Netanyahu is currently seeking a fourth consecutive term as PM, and denies any wrongdoing. His party, Likud, has called the charges “Political persecution.” Netanyahu himself dismissed the cases against him as a “witch hunt” and told reporters that he intends to stay on as PM “for many more years.”
With Israelis set to cast their votes in April, the indictment comes at a crucial time for Netanyahu. Before the charges were announced on Thursday, Israel’s High Court of Justice rejected a petition by Likud to block the announcement. The party’s legal adviser, Avi Halevy, called Attorney General Avichai Mandelblit’s public revelation of the charges “unprecedented interference” in the upcoming election.
Whether the charges will actually be filed or not depends on the outcome of a hearing, which will more than likely take place after the April 9 election.
If the charges are filed, Netanyahu will have to answer the accusations that he took bribes from the controlling shareholder of Bezeq, the country’s largest telecommunications firm. He is also accused of taking gifts from multiple businessmen in exchange for political favors, and of plotting to weaken an opposition-linked newspaper in exchange for more positive coverage from another competing outlet.
Speaking before the indictment was announced, Netanyahu said that the cases against him will “fall like a house of cards.” The Labour Party leader Shelly Yachimovich responded that by fighting personal battles, Netanyahu is “unable to fight for the lives of the citizens of Israel.”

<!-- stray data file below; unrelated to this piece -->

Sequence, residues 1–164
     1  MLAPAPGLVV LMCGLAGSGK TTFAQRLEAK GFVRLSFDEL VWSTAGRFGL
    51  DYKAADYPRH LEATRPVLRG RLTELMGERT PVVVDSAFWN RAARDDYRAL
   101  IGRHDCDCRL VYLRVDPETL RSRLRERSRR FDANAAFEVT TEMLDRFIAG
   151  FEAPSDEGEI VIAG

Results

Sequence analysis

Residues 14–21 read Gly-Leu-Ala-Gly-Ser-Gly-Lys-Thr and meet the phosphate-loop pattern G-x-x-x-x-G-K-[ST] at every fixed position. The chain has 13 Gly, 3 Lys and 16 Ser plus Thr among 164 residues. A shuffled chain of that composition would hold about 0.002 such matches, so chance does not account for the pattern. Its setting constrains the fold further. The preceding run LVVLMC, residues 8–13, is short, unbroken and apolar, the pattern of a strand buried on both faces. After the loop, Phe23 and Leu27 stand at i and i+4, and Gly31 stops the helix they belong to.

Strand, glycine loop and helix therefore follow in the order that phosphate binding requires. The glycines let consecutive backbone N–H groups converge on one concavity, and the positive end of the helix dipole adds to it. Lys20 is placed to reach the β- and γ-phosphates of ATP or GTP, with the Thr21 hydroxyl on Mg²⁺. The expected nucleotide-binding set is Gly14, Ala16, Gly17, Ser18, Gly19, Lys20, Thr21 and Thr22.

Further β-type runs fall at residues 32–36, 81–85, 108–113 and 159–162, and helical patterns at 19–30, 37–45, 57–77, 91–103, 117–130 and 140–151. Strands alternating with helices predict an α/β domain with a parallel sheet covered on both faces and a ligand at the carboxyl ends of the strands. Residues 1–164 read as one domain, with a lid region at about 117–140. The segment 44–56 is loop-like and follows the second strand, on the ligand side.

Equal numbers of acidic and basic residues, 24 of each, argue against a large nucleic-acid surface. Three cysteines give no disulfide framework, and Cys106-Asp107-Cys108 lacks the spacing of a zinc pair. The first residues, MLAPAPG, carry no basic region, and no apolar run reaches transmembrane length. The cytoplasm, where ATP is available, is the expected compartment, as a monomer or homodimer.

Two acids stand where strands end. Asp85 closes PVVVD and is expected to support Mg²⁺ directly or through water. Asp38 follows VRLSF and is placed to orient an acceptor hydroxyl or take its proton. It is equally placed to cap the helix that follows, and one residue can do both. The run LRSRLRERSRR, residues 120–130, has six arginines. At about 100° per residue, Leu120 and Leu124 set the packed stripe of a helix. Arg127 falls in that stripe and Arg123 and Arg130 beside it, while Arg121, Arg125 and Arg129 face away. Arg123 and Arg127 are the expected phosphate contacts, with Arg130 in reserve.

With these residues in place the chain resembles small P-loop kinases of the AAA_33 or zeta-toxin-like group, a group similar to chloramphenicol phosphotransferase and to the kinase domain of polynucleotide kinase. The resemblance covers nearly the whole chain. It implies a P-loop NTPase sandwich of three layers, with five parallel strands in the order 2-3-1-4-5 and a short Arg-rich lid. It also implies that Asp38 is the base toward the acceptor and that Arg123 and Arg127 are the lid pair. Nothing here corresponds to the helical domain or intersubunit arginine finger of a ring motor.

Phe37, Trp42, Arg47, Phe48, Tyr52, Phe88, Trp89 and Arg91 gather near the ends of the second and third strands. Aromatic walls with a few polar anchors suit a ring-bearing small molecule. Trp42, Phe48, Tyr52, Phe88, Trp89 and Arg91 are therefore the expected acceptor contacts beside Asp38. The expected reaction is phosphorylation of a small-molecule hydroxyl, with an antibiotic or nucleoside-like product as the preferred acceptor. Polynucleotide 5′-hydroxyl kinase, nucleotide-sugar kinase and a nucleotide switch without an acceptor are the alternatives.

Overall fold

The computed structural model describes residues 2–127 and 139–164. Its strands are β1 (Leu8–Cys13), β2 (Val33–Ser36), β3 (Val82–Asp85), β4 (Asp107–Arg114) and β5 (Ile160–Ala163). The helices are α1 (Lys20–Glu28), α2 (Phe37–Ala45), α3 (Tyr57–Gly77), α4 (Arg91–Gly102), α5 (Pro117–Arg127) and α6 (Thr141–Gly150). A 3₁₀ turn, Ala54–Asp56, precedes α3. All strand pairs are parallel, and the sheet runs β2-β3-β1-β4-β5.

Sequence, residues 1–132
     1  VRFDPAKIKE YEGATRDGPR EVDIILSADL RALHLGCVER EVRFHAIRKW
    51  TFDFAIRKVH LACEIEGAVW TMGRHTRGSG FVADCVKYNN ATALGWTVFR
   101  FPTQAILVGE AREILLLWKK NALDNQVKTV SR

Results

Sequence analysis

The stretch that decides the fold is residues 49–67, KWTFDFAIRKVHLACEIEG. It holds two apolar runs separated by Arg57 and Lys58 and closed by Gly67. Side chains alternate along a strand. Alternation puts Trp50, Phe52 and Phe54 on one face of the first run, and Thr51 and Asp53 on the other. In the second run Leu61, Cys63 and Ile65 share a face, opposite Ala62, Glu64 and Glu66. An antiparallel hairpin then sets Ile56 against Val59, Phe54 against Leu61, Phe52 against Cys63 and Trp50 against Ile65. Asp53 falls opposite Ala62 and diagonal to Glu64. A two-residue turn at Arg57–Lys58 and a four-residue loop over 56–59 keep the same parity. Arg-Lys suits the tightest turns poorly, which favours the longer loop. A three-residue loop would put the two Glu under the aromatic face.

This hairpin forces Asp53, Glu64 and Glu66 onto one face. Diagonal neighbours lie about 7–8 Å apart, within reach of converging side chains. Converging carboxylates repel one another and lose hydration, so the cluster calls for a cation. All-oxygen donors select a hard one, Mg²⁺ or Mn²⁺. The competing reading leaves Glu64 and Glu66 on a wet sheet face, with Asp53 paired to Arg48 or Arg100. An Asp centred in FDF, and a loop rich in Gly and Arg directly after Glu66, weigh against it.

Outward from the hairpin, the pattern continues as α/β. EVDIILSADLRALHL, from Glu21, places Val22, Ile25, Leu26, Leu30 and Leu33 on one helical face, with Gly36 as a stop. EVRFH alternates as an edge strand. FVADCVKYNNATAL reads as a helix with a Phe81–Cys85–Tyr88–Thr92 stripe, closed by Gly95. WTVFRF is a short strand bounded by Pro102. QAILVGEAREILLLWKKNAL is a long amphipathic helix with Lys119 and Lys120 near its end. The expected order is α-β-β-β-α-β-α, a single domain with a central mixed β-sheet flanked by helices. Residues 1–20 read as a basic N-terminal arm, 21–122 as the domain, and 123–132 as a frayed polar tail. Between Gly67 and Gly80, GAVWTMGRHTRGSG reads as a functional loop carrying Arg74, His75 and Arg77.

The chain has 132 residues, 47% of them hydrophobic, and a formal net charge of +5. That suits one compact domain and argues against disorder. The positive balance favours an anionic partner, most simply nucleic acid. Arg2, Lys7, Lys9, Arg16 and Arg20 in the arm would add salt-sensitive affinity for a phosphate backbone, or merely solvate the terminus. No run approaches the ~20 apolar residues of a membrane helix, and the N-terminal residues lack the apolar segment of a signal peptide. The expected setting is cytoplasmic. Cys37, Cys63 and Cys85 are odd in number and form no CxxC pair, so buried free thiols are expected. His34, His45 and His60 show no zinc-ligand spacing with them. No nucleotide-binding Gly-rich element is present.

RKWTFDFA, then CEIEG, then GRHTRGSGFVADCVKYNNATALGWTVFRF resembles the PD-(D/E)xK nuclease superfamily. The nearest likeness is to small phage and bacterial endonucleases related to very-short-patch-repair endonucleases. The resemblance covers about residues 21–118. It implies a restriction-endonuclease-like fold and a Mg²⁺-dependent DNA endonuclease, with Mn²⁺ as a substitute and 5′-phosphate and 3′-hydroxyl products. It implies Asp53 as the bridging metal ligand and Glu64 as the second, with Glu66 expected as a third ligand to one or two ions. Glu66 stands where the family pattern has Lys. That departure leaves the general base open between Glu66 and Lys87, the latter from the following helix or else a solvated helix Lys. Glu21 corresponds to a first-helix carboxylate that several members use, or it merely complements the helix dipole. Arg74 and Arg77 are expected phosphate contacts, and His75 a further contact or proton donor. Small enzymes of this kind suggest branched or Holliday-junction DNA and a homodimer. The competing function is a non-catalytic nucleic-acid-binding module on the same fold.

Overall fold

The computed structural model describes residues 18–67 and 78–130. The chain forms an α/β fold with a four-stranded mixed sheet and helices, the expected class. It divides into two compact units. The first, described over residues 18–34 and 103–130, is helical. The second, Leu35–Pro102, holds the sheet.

On Twitter, Netanyahu’s supporters railed against the indictment, with lawyer Arsen Osrtovsky calling it “an act of political interference on such scale, that has the potential to truly rupture the very foundations of our society.”
Opponents disagreed, viewing it instead as justice being done. Journalist Yair Rosenberg credited Mandelblit with “holding the country’s most powerful man accountable.”
With the election just over a month away, a Times of Israel poll found Likud trailing the centrist Blue and White political alliance, at 19 percent to 23 percent. Taken before Thursday’s announcement, the poll found that In the event of an indictment, Likud’s support falls to 15 percent, with Blue and White’s rising to 26.